Dr. Mojtaba Kaviani
Guest Editor

Manuscript Submission Information

Manuscripts should be submitted online at www.mdpi.com by registering and logging in to this website. Once you are registered, click here to go to the submission form. Manuscripts can be submitted until the deadline. All papers will be peer-reviewed. Accepted papers will be published continuously in the journal (as soon as accepted) and will be listed together on the special issue website. Research articles, review articles as well as short communications are invited. For planned papers, a title and short abstract (about 100 words) can be sent to the Editorial Office for announcement on this website.

Submitted manuscripts should not have been published previously, nor be under consideration for publication elsewhere (except conference proceedings papers). All manuscripts are thoroughly refereed through a single-blind peer-review process. A guide for authors and other relevant information for submission of manuscripts is available on the Instructions for Authors page. International Journal of Environmental Research and Public Health is an international peer-reviewed open access semimonthly journal published by MDPI.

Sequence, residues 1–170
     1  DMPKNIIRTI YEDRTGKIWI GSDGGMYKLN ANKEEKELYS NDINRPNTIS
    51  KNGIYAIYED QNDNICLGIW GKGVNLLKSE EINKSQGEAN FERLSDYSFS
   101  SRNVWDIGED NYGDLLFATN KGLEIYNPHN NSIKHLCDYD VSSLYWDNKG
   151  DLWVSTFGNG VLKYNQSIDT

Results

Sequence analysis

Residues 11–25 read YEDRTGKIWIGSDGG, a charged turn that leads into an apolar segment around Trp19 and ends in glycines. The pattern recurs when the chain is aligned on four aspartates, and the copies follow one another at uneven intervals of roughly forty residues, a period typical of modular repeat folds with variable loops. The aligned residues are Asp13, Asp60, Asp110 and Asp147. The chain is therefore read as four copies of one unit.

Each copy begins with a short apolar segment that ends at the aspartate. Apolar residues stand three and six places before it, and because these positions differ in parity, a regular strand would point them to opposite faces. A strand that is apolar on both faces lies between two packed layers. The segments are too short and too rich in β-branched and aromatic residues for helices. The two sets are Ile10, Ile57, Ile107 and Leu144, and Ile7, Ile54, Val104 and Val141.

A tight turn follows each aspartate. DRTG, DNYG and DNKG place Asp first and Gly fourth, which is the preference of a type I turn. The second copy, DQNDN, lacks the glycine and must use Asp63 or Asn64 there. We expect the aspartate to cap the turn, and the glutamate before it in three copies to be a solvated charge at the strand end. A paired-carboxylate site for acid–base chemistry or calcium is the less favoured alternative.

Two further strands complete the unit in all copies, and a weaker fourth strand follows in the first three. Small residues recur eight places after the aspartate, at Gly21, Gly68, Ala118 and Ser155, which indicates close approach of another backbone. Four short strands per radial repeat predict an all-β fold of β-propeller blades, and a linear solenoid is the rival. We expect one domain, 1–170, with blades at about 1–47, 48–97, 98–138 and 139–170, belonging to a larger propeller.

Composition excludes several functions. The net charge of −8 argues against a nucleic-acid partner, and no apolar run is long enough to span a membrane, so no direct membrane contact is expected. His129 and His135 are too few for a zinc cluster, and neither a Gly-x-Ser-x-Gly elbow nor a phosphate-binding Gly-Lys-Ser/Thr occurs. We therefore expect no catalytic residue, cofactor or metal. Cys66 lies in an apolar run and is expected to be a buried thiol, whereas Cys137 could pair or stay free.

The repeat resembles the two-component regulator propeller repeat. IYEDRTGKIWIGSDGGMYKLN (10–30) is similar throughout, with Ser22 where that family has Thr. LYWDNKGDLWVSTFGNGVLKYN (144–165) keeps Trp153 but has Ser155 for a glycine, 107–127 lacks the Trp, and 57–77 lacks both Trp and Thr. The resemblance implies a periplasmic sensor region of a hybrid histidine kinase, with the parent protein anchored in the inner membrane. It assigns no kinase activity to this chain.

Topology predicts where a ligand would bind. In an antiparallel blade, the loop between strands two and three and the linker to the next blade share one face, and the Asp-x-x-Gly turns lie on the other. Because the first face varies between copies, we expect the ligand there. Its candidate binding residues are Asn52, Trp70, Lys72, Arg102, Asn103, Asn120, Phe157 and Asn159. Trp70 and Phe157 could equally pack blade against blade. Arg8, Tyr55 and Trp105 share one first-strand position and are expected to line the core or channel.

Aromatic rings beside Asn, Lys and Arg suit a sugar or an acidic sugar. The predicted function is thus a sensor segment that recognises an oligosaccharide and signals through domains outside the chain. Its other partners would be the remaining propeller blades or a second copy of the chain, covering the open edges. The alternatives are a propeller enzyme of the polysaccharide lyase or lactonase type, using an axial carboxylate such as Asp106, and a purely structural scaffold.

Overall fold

Please visit the Instructions for Authors page before submitting a manuscript. The Article Processing Charge (APC) for publication in this open access journal is 2300 CHF (Swiss Francs). Submitted papers should be well formatted and use good English. Authors may use MDPI's English editing service prior to publication or during author revisions.

Keywords

  • functional foods
  • natural health products
  • nutrients
  • exercise training
  • healthy eating
  • lifestyle
  • obesity
  • cardiovascular disease
  • mental health
  • physical fitness
  • sport performance

Published Papers (3 papers)

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Research

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Article
Different Doses of Carbohydrate Mouth Rinse Have No Effect on Exercise Performance in Resistance Trained Women